A kind of moral hazard

KPMG is out with their tax competitiveness model (building on their operating cost model from earlier this year).   You will find that Moncton and Fredericton are the lowest cost jurisdictions in the word (among the jurisdictions compared) for several industries and in the lowest 10 for all others.

Here is KMPG’s methodology:

So basically all business taxes – including those paid on labor (CPP, EI, etc.) are included in the mix.

It is important to point out – I have before – that Canada as a whole has a tax system that is biased towards personal tax compared to business tax.  Far more taxes at all levels of government come from people than from business (use HST as an example – levied on people but not on business).  This has been a calculated public policy decision over time that Canada needs a low corporate tax regime to compete against the big bad US of A. 

You will note that most US jurisdictions have double the tax burden on corporations as New Brunswick.  For manufacturing, the Moncton index rating is 50  and Boise, ID is 92.  That means that the exact same plant with the exact same characteristics will face almost double the tax burden in Boise than in Moncton.

This is exactly why I think we need to counter the U.S. jursidiction and their use of tax incentives for economic development.  A company might get $100 million worth of tax breaks in Boise that they wouldn’t have to pay in New Brunswick anyway.

I have asked governments and economic development agencies to take a simple manufacturing model and do this exact comparison to tackle head on the net benefit from tax incentive use in the U.S. compared to Canada but I have never seen it done.  The KPMG is an interesting model and should be used but a far more impressive approach would be to take the Toyota plant in Kentucky, determine all the tax breaks they got (Hundreds of millions) and see what they would have paid in New Brunswick.  My suspicion is that they would have only paid a fraction of those taxes in New Brunswick but we will never know.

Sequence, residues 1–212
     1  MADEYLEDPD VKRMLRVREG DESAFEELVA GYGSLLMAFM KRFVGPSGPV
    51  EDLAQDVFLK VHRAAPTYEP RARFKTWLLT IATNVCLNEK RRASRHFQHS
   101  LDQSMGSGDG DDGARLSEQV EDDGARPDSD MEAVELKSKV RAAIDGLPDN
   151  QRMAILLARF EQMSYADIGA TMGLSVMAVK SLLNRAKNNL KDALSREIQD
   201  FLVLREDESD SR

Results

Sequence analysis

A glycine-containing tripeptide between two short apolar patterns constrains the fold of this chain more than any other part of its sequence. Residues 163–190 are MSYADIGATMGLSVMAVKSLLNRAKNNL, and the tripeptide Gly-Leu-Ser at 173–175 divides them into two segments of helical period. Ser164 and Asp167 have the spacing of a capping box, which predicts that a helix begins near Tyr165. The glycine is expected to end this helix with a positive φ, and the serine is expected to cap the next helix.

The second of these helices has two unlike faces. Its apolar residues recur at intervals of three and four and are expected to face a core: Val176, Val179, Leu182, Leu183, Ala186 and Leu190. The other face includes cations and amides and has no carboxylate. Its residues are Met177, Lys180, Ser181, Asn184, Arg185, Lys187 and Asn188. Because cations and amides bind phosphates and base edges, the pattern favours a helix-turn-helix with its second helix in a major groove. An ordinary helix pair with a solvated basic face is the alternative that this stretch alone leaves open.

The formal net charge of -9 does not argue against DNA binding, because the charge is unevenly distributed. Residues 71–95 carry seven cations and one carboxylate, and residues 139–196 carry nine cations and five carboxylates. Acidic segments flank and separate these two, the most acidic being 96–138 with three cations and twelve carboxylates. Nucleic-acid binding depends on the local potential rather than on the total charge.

But, I digress.  My blog title was “a kind of moral hazard”.  I am not sure that New Brunswick should set its corporate tax structure that much lower than other Canadian jurisdictions.  Depending on the sector, there is a significant spread between Nova Scotia, Saskatchewan and New Brunswick (NB lower).  While that looks like a competitive advantage, I am not sure.  Quite frankly, I haven’t thought too much about it.  How low is low enough?  My stated position and I am not moving off it yet is that New Brunswick’s corporate tax structure on average should be in line with the Canadian average and that we should use targeted tax incentives to grow specific clusters.

With one huge exception.  I am thrilled New Brunswick has the lowest tax environment for R&D.  That should be shouted to the highest heaven.  If companies are going to take risk, explore, create, innovate – they should have a positive tax environment in which to do it.  And according to KPMG, we are such an environment.

Sell.  Sell. Sell.

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